I soon realized that his teacher had low expectations of him, which caused him to be low-performing and problematic in her classroom. Seeley (2004) stated " ...by lowering students' grades ... the schools inadvertently prompted the students to act out and become behavior problem. Students with behavior problems automatically got lower grades regardless of their ability. This vicious cycle works against high-risk gifted students." I certainly found this to be the case with Mike.
In addition, when I pulled him with a small group of gifted students and worked with him on an individual basis, I found that Mike was highly creative and very good at problem solving and logical deductions. He often led the group and assisted others when we solved mystery stories. A statement made by Renzulli (1994) confirmed my suspicions about Mike; he said "every child is special if we create conditions in which that child can be a specialist within a specialty group" (p.70). Shortly thereafter, Mike was referred for GT testing and qualified for services in our district. His teacher certainly has a different opinion of him now, and has mentioned that she will look at the behaviors and tendencies displayed by Mike differently for her future students.
Analysis of Teacher Six
An important contribution a teacher can make for his or her students is creating an environment where the student's potential is allowed to blossom. Prediction of academic success based on race is not supported by research. Teachers have to look beyond the surface to be able to help students. An analysis of gifted education research stresses the importance of accurate identification. Even when there is only one teacher who has the research and local school district policy down pat on identifying gifted students, this is a major asset for a school and for the students.
The above regular classroom teacher research based reports are examples of how teachers who are earning degrees in gifted education are helping their students achieve their full potential. Each teacher documented her approach to research as it relates to his or her students. Each teacher came up with workable solutions that will help other teachers identify and support at-risk gifted students in their classroom. Each report reflects each teacher's personal use of research and teaching experience at identifying gifted students in the regular classroom.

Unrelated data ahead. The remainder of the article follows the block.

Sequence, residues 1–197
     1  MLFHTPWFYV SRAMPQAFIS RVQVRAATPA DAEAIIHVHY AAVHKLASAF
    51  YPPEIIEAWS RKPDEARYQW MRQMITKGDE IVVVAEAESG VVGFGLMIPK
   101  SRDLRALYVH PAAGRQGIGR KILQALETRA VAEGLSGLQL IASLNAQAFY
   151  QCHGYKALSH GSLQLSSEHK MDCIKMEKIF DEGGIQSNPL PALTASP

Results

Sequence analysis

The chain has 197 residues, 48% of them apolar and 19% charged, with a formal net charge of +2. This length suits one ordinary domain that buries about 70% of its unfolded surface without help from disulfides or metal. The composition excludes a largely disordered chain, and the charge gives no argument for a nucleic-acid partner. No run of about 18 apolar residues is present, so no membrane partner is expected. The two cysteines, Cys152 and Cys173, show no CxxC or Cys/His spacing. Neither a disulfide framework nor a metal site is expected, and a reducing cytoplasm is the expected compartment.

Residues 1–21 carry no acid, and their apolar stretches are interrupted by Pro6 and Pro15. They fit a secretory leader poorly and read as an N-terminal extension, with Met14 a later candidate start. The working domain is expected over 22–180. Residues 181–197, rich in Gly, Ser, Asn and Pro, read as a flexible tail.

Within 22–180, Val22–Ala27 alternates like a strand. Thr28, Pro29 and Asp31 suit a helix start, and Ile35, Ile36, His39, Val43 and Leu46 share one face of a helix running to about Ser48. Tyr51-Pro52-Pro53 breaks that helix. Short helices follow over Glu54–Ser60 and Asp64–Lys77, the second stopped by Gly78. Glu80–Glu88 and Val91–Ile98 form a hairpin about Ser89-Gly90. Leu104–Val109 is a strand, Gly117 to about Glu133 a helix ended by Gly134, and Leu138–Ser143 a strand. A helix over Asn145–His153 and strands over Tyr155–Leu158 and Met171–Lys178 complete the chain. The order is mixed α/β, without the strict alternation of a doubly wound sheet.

Bauman, M.G. (2006). Lessons from lost souls. The Chronicle of Higher Education, 1 D, 15.
Bernal, E. (2000). Three ways to achieve a more equitable representation of culturally and linguistically different student in GT programs. Roeper Review, 24 (2).
Burke-Adams, A. (2007). The benefits of equalizing standards and creativity: Discovering a balance in instruction. Gifted Child Today, 30(1), 58-63.
Cary, S. (2000). Working with second language learners: Answers to teachers' top ten Questions. Portsmouth NH: Heinemann.
Castellano, J. & Diaz, E. (2002). Reaching new horizons: Gifted and talented education for culturally and linguistically diverse students. Boston: Allyn and Bacon.
Clark, B. (2002). Growing up gifted. Upper Saddle River, NJ: Pearson Education, Inc.
Colangelo, N., & Davis, G.A.(Eds.) (2003). Handbook of gifted education. Boston: Allyn & Bacon.
Del Siegle (2003, October). Mentors on the net: Extending learning through telementoring. Gifted Child Today, 26(4), 51-54, 63. Retrieved February 15, 2008, From Alumni - ProQuest Education Journals database. (Document ID: 476643241).
Dougherty, K.J. (1994). The contradictory college: The conflicting origins, impacts, and futures of the community college. New York: SUNY Press
Erickson, H. L. (2001). Concept-based curriculum and instruction: Teaching beyond the facts. Thousand Oakes, CA: Corwin Press.
Freeman, D & Freeman, Y. (2001). Between worlds: Access to second language acquisition. Portsmouth NH: Heinemann.
Gibson, S. & Efinger, J. (2001). Revisiting the Schoolwide Enrichment Model - An approach to gifted programming. Teaching Exceptional Children, 33(4), 48-53.
Hebert, T. (1991). Meeting the affective needs of bright boys through bibliotherapy. Roeper Review, 13(4), 207 - 212.
Hill, J. & Flynn, K. (2006). Classroom instruction that works with English language learners. Alexandria, VA: Association of Supervision and Curriculum Development.
Hine. Candis Yimoyines (August, 1992). The home environment of gifted Puerto Rican Children: Family factors which support high achievement. Proceedings of the Third National Research Symposium on Limited English Proficient Student Issues: Focus on Middle and High School Issues Washington, D.C. United States Department of Education Office of Bilingual Education and Minority Languages Affairs September 1993. Retrieved January 26, 2008 from the National Research Center of the Gifted and Talented http://www.ncela.gwu.edu/pubs/symposia/third/hine.htm.
MadSci.com. (2008). MADSCI NETWORK. Retrieved February 15, 2008 from
McIntyre, T. (2004). Bibliotherapy. Retrieved on February 22, 2005 from http://maxweber.hunter.cuny.edu/pub/eres/EDSPC715_MCINTYRE/Biblio.html.
McNulty, Jennifer (January, 1999). CREDE researchers reveal best strategies for
Reaching at-risk students. Retrieved February 5, 2008 from
Schlicter, C. & Burke, M. (1994). Using books to nurture the social and emotional development of gifted students. Roeper Review, 16(4), 280 - 283.
Seely, Ken. (2004). Gifted and Talented Students at Risk. Focus on Exceptional Children, 37, 1-8.
Slocumb, P. & Payne, R. (2000). Removing the mask: Giftedness in poverty. Highlands, TX: RFT Publishers.
Whitmore, J. R. (1989). Re-examining the concept of underachievement. Understanding Our Gifted, 2(1),1, 7-9.